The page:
Triathlon Chronicles: Musings from a Crazy, Middle-aged Woman (v.1)

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Many of my friends in the 45-55 age group have been making an effort to eat better and exercise more. Someone was asking me why I thought there was this apparent trend, and my answer to that was immediate – cancer seems to be everywhere, and is hitting our circles of friends and acquaintances very hard. Seriously, the list of women I know who haven’tdealt with some type of cancer is short. Breast cancer, ovarian cancer, lung cancer, melanoma…and then there are the uterine issues, and the menopausal cycles, and the divorces. Once the emotional and physical dust of these life-changing situations has settled, there seems to be a re-commitment to good health that can only be a good thing, and an even better thing if you can just sustain the momentum.And sometimes to sustain the momentum, you have to be nuts.So, one crazy day this fall – the planets must have been in some kind of funkadelic alignment, because I know there was no alcohol involved at the time – a few of us decided to sign up for the mini-sprint portion of the Tri-Goddess.The Tri-Goddess is an all-female triathlon in the Waterloo Recreation Area, organized by Epic Racing (www.epicraces.com). The mini-sprint event is designed for first-time triathletes – ¼ swim, 11 mile bike, 1.5 mile run.

We paid the money, and then we actually TOLD people we were doing it, so we’re stuck now.

Depending on the course, I wasn’t too worried about the biking (I am sure I will regret saying that too). But I haven’t run since high school. And I had no idea how far a ¼ swim was. And you have to do all of these, one right after the other, without crying. OK, maybe that is just my rule.

So, my friends and I made one very simple main goal, and a few sub-goals. The main goal was just to finish the event – “I’m a triathlete, baby!” The sub-goals included finishing without walking (or crying)(or drowning), and that spawned “finishing without being last,” “finishing without being too embarrassed about our times,” and “finishing without sustaining catastrophic injury.” Then we added a few of our own rules about attire , etc. (“I am not spending $200 on a tri-suit” and “Can we wear pants for the swim? Because I am NOT wearing a swimsuit in front of all those people” and “If I have to pee, I’m stopping, darn it”)(no, we didn’t really say “darn it.” Feel free to be creative there).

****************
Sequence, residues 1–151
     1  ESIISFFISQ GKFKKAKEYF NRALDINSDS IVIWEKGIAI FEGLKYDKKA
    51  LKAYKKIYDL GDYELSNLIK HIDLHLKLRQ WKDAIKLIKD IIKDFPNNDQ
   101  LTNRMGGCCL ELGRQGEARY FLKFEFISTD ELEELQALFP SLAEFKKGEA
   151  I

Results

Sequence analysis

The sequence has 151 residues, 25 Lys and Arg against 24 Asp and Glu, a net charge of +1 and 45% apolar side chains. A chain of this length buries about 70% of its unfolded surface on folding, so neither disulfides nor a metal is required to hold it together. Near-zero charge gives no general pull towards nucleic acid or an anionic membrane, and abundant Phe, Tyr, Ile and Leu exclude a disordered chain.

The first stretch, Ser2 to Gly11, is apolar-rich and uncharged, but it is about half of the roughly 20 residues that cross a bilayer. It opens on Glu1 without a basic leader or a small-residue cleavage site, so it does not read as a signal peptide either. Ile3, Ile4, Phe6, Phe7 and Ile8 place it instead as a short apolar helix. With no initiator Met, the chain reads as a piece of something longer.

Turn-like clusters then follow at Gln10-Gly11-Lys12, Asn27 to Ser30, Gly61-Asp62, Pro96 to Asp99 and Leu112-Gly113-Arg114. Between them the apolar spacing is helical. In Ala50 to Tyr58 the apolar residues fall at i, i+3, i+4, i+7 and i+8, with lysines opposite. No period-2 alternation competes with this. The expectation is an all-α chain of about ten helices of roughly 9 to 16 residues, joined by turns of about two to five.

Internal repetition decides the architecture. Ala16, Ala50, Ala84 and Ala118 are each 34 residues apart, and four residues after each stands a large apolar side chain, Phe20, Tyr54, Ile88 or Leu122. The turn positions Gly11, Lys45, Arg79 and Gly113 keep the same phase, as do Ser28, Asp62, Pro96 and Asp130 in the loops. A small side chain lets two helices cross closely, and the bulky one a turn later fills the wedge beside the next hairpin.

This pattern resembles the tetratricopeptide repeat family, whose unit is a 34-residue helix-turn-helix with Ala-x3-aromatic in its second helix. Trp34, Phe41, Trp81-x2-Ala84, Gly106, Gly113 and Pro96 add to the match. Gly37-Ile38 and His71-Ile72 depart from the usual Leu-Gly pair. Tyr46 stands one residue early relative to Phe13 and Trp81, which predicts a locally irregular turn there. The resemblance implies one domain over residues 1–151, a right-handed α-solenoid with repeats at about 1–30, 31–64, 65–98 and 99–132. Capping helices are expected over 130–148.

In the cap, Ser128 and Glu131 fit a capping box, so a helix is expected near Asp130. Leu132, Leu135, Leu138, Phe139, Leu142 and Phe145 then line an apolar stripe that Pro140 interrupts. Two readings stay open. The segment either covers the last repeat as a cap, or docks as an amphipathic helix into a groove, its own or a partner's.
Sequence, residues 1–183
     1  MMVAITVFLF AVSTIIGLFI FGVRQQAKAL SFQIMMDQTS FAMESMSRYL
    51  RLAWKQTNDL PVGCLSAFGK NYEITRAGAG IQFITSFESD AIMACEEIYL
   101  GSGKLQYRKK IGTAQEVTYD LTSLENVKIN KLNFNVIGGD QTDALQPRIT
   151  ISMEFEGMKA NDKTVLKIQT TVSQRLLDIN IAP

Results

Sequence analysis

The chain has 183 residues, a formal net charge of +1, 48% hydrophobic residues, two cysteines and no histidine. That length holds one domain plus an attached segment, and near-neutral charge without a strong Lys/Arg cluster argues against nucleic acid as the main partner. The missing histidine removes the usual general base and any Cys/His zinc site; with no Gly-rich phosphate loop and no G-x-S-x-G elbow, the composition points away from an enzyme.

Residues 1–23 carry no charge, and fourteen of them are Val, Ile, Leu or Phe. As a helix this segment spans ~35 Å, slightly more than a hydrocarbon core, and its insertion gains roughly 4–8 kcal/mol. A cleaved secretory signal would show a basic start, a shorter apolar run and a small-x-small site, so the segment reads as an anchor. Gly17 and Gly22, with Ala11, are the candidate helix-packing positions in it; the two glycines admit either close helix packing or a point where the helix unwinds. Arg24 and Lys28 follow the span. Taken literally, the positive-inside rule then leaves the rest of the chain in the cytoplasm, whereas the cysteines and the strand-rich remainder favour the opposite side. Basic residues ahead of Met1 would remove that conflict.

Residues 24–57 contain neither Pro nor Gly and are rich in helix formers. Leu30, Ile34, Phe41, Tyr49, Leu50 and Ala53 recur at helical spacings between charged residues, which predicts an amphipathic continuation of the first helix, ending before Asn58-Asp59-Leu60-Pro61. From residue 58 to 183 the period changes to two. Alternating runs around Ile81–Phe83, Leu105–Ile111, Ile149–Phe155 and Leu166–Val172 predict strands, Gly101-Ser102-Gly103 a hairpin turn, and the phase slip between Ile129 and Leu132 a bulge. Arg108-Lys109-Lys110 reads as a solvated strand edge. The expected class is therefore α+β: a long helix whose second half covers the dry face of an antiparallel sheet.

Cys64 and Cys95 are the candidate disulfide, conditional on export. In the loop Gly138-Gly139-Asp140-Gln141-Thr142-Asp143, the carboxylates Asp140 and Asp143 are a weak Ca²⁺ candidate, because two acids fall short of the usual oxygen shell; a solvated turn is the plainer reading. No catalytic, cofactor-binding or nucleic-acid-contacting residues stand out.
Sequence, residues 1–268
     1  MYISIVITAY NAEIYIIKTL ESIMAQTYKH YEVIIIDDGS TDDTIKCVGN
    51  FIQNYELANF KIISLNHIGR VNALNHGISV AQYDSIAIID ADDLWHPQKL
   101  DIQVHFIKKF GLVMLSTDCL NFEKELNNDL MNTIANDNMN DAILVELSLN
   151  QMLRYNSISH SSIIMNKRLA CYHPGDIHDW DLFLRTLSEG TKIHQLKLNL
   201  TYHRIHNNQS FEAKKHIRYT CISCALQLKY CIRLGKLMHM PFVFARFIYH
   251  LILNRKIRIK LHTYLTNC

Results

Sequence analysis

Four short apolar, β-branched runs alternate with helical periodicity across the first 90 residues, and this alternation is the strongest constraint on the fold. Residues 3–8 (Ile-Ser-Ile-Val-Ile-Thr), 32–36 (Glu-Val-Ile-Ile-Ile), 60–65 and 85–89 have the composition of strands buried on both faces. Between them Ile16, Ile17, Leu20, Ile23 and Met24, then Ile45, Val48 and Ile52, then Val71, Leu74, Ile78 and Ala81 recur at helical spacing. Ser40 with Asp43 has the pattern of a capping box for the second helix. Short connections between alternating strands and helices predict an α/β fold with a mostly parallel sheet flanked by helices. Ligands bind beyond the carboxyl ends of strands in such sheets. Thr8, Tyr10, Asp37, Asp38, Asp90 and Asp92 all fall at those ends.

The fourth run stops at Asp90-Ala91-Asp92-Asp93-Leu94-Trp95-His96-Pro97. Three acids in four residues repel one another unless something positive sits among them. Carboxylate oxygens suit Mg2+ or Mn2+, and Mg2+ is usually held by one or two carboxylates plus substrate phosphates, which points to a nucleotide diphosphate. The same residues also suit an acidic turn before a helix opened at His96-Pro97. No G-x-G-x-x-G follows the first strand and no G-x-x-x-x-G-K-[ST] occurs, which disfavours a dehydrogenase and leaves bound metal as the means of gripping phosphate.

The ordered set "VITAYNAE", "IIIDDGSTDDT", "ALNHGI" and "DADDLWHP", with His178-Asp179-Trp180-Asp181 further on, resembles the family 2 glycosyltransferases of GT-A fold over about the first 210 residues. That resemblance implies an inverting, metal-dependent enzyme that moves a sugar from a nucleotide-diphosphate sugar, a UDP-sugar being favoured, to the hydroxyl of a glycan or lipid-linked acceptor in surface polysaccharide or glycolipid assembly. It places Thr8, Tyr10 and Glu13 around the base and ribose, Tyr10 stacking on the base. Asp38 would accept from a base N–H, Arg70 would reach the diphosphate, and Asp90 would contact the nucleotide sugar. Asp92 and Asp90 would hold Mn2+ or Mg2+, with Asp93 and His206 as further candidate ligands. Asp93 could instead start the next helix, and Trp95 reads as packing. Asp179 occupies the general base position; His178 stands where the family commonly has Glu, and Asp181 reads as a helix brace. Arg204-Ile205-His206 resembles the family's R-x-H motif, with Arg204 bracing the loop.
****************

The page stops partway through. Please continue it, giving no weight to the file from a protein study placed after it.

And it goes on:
And then we threw ourselves into training, with a side of pain. I go to the fitness center at Michigan Rehab Specialists in Hamburg – so when I wrap myself around the treadmill ala the Jetsons, I don’t have to go far to the doctor and the physical therapist. You can’t beat that for convenience! So I worked with one of the trainers there – you know the type, all chipper exterior hiding the black soul of Darth Vader – on a training routine, and added swimming on Tuesdays at Pinckney’s Pathfinder pool.

Ouch. The good news was that I can, indeed, swim ¼ mile. Slowly. The bad news was that when I started in early November,  I could barely run a mile without walking and it took me a good 20 minutes to do that. The solution from Darth? Intervals. It should be a 4-letter word, and the really sick sick thing is that I actually…kinda…like them. A 4-minute warm-up – I started at 4 mph – then faster for a minute and back down for a minute (to “rest” LOL), rinse and repeat until you hit 20 minutes. It was horrible (more on middle-age pain later), but with the change of pace every minute, it was hard to get bored. Plus, it’s important to maintain an interest…in breathing. But score one for the Dark Side, my “resting pace” is now almost 5 mph and I can run a 12 minute mile if I have to, as long as I think about ice cream while listening to The Cult. You gotta do what you gotta do, right?

About Rebecca Foster 62 Articles

Rebecca Foster writes about food, politics, books and whatever has irritated her on any particular day, on her website Usual and Ordinary (www.usualandordinary.com). She is an occasional contributor to The Livingston Post and has remained active in local politics and the community after serving as Pinckney Village President from 2004-2012. She lives in Pinckney with her husband, two sons, two cats and four chickens – and a good sense of humor.